Because of this, facilities will often delay housekeeping as much as possible and only schedule a shut down when it is way overdue to remove combustible dust buildup.

Unfortunately, this spot check approach may miss hard-to-see areas where dust is building up beyond compliance expectations. If you’re lucky, this never becomes a problem. All it takes is one visit from an inspector, though to make the cost of a shutdown seem trivial.

2b – Manually Clean on a Schedule

While the process doesn’t change, sometimes the scheduling does. When you’re able to schedule housekeeping at regular intervals, it minimizes the risk of an explosive dust event and makes it easier to clean. Over time, it could reduce the overall cost of cleanings as staff becomes aware of what it takes to get the job done. If completed frequently enough, it may be worth investing in cleaning equipment to get the job done faster without paying a premium to rent.

3 – Hire a Third-Party for Housekeeping

Some facilities prefer to have an expert handle the housekeeping. When you choose this route, there are pros and cons. First of all, they come with equipment in hand and know what needs to be done. Because of this, they usually take less time to complete the job, meaning you don’t have to shut down for as long. Or, if you’re able to sync it with equipment maintenance, they may be able to complete the work without any additional downtime.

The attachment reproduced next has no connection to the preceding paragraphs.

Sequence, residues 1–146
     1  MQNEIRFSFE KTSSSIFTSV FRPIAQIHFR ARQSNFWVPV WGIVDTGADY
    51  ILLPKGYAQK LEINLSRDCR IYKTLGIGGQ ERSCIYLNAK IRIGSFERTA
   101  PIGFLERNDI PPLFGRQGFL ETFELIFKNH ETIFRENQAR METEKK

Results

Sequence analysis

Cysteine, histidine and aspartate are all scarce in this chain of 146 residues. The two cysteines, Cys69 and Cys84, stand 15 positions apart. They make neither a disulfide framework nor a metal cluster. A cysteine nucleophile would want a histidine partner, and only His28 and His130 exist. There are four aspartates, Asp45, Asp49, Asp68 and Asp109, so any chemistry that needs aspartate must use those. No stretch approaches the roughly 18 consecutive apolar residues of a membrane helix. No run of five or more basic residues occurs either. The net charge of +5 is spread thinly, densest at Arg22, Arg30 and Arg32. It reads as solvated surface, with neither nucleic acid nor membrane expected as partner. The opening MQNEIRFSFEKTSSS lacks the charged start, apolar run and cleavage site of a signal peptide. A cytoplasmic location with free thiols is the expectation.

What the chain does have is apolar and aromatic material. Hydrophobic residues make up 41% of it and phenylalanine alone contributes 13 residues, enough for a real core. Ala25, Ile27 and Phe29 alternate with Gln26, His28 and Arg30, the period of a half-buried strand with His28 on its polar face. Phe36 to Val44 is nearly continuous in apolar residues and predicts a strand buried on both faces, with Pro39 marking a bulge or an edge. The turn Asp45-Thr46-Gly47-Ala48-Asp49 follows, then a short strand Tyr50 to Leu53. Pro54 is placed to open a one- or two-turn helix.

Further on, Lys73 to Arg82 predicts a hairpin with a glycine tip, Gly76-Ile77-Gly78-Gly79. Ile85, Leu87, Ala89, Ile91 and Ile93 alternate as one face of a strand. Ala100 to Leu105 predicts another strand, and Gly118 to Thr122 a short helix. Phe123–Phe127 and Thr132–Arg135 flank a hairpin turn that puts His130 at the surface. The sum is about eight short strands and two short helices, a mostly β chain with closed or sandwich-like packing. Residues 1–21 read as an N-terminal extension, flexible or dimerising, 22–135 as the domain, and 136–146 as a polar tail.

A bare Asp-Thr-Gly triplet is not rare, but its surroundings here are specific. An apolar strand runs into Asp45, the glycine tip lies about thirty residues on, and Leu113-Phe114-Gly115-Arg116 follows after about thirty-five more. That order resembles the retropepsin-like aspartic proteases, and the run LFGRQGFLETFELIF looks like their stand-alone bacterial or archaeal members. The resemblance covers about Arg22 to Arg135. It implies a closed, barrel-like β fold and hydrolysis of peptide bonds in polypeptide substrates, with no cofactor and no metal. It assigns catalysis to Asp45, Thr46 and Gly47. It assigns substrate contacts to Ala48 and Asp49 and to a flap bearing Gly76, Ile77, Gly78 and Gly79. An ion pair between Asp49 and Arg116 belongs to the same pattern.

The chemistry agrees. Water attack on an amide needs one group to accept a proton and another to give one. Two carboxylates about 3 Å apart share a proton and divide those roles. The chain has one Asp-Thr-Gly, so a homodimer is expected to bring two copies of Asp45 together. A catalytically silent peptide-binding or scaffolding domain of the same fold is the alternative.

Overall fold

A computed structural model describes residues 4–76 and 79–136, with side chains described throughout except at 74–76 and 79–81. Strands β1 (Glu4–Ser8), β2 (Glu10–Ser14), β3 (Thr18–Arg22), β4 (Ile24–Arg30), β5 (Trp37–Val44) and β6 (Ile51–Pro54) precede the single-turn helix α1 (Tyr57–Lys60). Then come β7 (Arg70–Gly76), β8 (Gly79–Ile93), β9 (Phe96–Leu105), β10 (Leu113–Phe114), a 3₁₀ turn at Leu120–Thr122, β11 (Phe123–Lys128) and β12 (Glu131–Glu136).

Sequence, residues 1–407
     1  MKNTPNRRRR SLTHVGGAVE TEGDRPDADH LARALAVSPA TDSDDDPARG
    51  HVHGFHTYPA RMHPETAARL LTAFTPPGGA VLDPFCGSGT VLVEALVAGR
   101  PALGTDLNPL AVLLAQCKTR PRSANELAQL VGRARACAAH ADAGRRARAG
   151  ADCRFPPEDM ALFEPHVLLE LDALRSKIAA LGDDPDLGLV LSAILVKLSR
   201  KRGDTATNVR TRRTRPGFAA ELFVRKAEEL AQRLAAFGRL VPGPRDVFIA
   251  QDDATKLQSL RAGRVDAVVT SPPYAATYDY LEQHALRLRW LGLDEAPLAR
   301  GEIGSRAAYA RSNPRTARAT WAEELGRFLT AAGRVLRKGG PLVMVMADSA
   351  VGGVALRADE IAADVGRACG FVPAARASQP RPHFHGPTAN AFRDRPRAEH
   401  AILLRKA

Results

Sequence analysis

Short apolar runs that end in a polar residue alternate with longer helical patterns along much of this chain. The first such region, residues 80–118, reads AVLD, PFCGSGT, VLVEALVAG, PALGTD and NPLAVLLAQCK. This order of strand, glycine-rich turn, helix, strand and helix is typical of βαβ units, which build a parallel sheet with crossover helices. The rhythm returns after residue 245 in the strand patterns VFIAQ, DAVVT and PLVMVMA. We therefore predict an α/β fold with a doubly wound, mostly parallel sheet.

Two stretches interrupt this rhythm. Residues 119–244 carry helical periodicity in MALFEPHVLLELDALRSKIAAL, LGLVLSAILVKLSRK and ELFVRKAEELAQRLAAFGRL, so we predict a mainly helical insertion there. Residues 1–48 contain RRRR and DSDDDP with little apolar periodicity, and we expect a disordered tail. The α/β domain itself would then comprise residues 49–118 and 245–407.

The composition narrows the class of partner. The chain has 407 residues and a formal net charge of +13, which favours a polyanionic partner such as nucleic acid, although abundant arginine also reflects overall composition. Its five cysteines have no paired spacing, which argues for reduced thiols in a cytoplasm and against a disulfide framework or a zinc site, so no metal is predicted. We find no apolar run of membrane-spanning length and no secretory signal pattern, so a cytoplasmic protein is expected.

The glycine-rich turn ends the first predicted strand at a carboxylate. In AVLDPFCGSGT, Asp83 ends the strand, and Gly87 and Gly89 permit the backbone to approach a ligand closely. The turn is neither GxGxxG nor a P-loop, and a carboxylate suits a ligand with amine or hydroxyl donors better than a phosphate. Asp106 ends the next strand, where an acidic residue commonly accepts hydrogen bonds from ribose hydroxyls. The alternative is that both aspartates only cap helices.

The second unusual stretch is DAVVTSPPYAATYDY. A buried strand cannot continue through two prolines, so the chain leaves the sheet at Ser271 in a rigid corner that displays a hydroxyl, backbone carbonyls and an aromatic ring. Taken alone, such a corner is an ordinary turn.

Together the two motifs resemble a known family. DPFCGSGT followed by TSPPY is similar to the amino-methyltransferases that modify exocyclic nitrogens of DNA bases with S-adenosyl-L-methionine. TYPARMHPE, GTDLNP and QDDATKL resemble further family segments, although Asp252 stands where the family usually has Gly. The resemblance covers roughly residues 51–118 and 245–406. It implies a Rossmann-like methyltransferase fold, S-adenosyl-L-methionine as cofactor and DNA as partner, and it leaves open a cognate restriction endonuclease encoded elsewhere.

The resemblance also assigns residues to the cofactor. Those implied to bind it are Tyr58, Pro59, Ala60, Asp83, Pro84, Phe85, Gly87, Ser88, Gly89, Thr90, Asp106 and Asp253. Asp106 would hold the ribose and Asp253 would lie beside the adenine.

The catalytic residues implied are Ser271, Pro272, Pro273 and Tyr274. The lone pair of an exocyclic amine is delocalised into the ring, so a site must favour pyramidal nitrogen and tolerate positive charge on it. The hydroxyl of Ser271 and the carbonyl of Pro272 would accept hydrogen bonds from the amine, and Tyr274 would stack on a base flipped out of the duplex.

All told, the route will be more expensive than a DIY approach. Instead of handling it with existing staff, you’re paying the overhead for another company. At the same time, knowing they did the job right without risking any of your team may be a benefit. In some locations, there may be spaces 60-80′ off the floor. Getting to these spots is not just tricky, it’s dangerous. By hiring someone else to come in and take care of it, you are limiting your employees’ exposure to risk. Plus, you’ll have someone to call if OSHA comes to visit and there are any issues .

4 – Prevent Dust-Buildup

Of course, the best way to manage combustible dust is to avoid cleaning those hard-to-reach spaces altogether. Instead of letting combustible dust settle on beams and air ducts, prevent dust buildup and save yourself the expense and hassle.

That’s precisely what dust control fans were designed to do. They automatically operate day and night, creating an air barrier that prevents fugitive dust from rising into the ceiling and settling there.

If it doesn’t buildup in overhead spaces, you don’t have to clean it.

Dust settles to the ground, where it can be easily swept and captured during standard cleaning procedures. The benefit of this option is the time and cost savings. You don’t have to shut down to clean. Your staff doesn’t have to ride a lift into the ceiling to clean off the dust.

Provided they are installed and operated according to the manufacturers’ instructions, there shouldn’t be any need for significant housekeeping in these areas.